ACES and TAP: A source of light

Apr 26
Stephanie Henry, ACES Media Specialist

As a writer for the College of ACES, I get the opportunity to meet a lot of inspiring people who are willing to be vulnerable and tell their stories. What a privilege it is to hear about how people have faced life’s challenges. And it’s also a source of pride to hear how ACES has helped them navigate through those challenges.

One of the families I recently talked with, the Moore’s, a Champaign family navigating their way through their son Jacob’s Autism Spectrum Disorder diagnosis, found a lifeline in ACES.  Becky, a wife and mom of three, described to me, with candor, some of the difficult stages they have had to work their way through during the years since Jacob was first diagnosed. He is 16 now.

But she also told me, with passion and hope in her voice, about some of the positive things that have happened since the diagnosis. Finding The Autism Program, or TAP, at the U of I was at the top of her list. In particular she credited TAP director Linda Tortorelli with providing her with the encouragement and resources to carry her through a “dark time,” as she remembers it.

And just like TAP, Becky is just as eager to help others and to pass along all she has learned to those who are navigating their way through the challenges of autism. This is such an amazing example of what the ACES story is all about!

April is National Autism Awareness Month. Learn more about the services and resources TAP offers at

Read more about the Moore family and TAP in the latest issue of @ACESIllinois.

A balancing act

Apr 21
Ariel Majewski, ACES Visual Marketing Intern

Each year, I look forward to spending Easter with my family. Normally on the Saturday before, my parents and I decorate dozens of eggs. We’re not tie-dye fans—we prefer to draw unproportional cartoons on our cracked canvases. While Mom—God bless her—can’t seem to figure out why her drawing of a clock looks like a dead frog, Dad and I applaud her efforts. Then on the big day, my parents hide our miniature Picassos in the most ridiculous places so I can (never) find them. After two hours of a frustrating search for the “dead frog,” which somehow camouflaged within our blender, we all play board games for the rest of the night.

But…this year’s Easter wasn’t anything like this. Instead, my dialogue with my friends went like this:

What did you do on Easter?

Well, I worked.

Did you see your family?

No, I needed to work on campus.

As I answered these questions, I realized how my academic responsibilities have recently consumed my life. And while my parents were understanding of their college student’s workload, the empty nesters couldn’t help but leave bittersweet text messages of how much they would miss their daughter for Easter. My father even shipped bags of Easter candy with a note stating that he would miss hiding eggs for his little girl (and reminding me not to tell mom that he sent Willy Wonka’s Chocolate Factory in a UPS box).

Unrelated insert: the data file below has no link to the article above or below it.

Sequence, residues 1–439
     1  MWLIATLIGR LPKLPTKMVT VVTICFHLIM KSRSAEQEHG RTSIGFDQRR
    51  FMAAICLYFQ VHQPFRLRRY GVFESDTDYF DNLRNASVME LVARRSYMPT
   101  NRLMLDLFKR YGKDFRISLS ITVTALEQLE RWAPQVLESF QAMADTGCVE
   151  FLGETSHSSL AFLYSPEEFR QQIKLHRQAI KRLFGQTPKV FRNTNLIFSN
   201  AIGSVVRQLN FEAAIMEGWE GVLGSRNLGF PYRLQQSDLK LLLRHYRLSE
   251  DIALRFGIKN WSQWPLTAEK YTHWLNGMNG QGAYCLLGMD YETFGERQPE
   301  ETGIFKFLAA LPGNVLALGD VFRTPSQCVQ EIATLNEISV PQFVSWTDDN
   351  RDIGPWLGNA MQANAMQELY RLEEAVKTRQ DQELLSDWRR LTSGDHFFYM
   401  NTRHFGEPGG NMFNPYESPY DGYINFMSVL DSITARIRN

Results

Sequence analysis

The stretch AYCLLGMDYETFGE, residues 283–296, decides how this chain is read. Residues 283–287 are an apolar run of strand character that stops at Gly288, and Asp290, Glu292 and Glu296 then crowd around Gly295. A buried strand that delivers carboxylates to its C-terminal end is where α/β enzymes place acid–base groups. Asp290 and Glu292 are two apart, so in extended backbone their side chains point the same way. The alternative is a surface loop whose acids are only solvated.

It becomes so easy to prioritize work over rest and family time—two values that the Easter holiday stresses.

But no matter what beliefs or ideologies you have—if you ever feel that there is an unbalance when it comes to work and family time, especially as final exams approach at a stealthy pace, take a moment to just stop and celebrate time together. Even if it means placing a long phone call or starting a group Skype chat over the weekend—continue to create these familial-bonding memories while contributing your work to this university’s sesquicentennial scrapbook. 



Apr 19
Kim Kidwell, Dean of the College of ACES

“What is your vision for the College of ACES?”

I have been asked that question dozens of times since November 1, and it still causes me to pause because I don’t consider myself to be the sole creator of ACES’ vision. This college has a long, impressive history of success in living into the land-grant mission, and many of you have dedicated your careers to creating excellence in the College of ACES. My hope is that I can add value to what we are doing by increasing the visibility of the college, strengthening our funding portfolio, and building strong relationships with external partners. Wherever we go next, we will do it together.

I did not arrive on campus with a blueprint in hand of how to move the college forward. However, I am in the process of mindfully assessing functionality and impacts of ongoing activities across the college. I thought it might be useful for you to know how I approach the assessment process.

The first step is to notice what is working well in our current system so we can continue to do those things. Next, I determine what isn’t working by asking two questions: Is it efficient? Is it effective? If the answer to either question is “no,” I conclude that whatever is being assessed is not working. I then consider adjustment opportunities to address the breakdown. This typically evolves brainstorming options with relevant parties and then creating an action plan with a timeline to address the obstacle. Finally, the action plan is implemented and then the situation is reassessed to see if the outcome evolved or improved. If not, another adjustment is implemented and the cycle is repeated until the goal is achieved. I call this the Notice-Adjust-Evolve (NAE) model.

I use NAE as a leadership tool for implementing initiatives and strategic plans. It is a simple, yet effective, model that involves adaptively managing in real time to ensure that progress is being made and goals are being accomplished. I encourage all of you to embrace this model as well so you can identify subtle, timely adjustments that can be made to improve your overall level of success and expand your contributions to ensure the vitality of the your unit and the college.